Hacksawed the 2nd elbow off and mounted the third. Use pliers to roughen up and remove old solder, then sanded the surfaces.

    I'm still in the 15 minutes.

    How much of 1/8" thk solder should go into one of these joints? I probably used 1".

    Thanks, guys. . .

  7. #7
    Retired Defense Industry Engineer jadnashua's Avatar
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    The other thing that can get you is if the pipe isn't open somewhere near. The heat from soldering can expand the air enough so that it can shooot a small hole through the molton solder. It's much worse if there's any moisture, as steam expands much more than just the air itself.
    Jim DeBruycker
    Important note - I'm not a pro
    Retired Defense Industry Engineer; Schluter 2.5-day Workshop Completed 2013, 2014

  8. #8
    Homeowner Thatguy's Avatar
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    Thanks all.
    Tomorrow I call a plumber.
    Each one of the three leaked less and I guess it was always on the same side.
    I'm now thinking it was steam, and I should have used the bleeder screw on the nearby ball valve to let it out.
    If the plumber can't make it in a day or two I may try again.

    I did see a 3/4" compression elbow on the Web but finding it locally may be a problem, and I don't know if flex elbow couplings can withstand 50 PSI.
    Last edited by Thatguy; 09-27-2010 at 05:56 PM.

  9. #9
    Forum Admin, Expert Plumber Terry's Avatar
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    Whenever you are soldering, you have to have an open end to allow steam to escape, otherwise the pressurized air will blow the solder out of the joint.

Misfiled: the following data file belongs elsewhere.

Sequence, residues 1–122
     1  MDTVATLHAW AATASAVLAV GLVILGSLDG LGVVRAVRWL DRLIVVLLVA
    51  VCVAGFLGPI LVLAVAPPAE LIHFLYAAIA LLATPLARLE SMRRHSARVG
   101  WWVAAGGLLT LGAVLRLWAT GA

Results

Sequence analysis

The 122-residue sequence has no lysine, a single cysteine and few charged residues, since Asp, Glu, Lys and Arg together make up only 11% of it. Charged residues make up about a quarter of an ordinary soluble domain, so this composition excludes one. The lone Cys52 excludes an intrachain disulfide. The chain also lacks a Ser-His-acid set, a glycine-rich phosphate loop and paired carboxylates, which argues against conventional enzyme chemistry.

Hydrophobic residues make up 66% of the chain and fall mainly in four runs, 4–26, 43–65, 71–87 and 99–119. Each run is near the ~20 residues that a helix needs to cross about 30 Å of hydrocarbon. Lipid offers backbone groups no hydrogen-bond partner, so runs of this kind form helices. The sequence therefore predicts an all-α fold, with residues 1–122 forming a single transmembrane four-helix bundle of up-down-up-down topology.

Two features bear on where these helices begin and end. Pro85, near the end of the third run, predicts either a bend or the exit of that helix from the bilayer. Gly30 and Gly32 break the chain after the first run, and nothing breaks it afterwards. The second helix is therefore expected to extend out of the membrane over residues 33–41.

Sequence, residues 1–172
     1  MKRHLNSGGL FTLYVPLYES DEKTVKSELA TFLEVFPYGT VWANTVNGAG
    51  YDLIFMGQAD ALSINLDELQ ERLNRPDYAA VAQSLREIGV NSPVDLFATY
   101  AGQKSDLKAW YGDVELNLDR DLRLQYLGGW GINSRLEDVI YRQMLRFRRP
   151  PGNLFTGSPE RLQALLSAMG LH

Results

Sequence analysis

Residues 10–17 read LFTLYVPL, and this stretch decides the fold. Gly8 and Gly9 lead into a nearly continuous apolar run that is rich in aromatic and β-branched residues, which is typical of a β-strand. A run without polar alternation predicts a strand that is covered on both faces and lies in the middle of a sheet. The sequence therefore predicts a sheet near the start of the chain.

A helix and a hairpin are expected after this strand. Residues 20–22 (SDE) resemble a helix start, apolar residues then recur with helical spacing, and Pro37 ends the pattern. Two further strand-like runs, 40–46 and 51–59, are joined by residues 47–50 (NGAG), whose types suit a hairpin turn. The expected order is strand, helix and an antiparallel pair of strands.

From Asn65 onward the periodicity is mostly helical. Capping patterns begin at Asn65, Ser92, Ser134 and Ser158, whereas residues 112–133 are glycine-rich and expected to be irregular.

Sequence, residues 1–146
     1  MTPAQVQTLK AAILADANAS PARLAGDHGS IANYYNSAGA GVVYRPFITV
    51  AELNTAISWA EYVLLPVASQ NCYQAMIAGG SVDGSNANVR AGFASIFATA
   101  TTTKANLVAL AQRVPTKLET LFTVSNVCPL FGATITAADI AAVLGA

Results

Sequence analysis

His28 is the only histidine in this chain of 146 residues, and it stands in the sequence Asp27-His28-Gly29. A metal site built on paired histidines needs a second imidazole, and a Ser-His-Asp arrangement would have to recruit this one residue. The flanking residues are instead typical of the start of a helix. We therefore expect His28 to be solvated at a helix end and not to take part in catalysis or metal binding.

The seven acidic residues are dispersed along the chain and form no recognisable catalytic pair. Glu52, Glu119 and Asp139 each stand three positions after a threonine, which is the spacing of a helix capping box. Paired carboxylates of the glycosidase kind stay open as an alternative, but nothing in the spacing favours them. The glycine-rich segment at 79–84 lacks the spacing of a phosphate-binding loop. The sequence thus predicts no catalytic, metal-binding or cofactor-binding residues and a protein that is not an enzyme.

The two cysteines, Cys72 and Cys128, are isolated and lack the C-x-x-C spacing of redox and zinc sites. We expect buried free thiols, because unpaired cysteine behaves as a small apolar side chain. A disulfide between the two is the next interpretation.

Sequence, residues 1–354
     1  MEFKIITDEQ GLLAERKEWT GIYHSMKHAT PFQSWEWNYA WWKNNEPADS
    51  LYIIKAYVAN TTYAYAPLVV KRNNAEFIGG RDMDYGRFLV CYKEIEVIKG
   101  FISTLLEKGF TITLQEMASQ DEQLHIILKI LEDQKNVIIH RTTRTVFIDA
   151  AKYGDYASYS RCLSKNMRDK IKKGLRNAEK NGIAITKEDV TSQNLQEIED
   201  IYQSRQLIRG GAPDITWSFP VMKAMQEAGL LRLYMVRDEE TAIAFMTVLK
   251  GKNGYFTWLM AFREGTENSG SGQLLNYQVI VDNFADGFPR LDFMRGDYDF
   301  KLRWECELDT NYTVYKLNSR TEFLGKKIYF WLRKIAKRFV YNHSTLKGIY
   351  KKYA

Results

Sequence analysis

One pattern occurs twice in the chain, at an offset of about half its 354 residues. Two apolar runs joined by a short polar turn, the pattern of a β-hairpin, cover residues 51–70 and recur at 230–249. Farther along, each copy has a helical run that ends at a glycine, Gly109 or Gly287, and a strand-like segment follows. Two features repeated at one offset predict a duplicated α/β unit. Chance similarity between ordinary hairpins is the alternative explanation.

Don't feel too bad, I had a journeyman plumber argue this point with me on a retirement home. I told him not to do it, but wanted to so bad, that he soldered a 2" pipe and fitting without propping open the check valve. Needless to say, we had a real nice leak on the 2" fitting that he insisted wouldn't leak. I wanted to smack him on the spot for having to explain to all the doctors, nurses and people living in the retirement home, that had already been waiting for the water to come back on after cutting in the new water heating system.
    Always have an open end while soldering, sometimes this can be done by opening a faucet somewhere.

  10. #10
    DIY Senior Member SteveW's Avatar
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    Yep, I've been snookered by steam myself - it can sneak up on you and ruin a joint that you've properly cleaned, fluxed, and soldered. I learned that on this site! I thought I had "lost my touch" with sweat soldering until Terry educated me on needing to leave an exit route for the steam.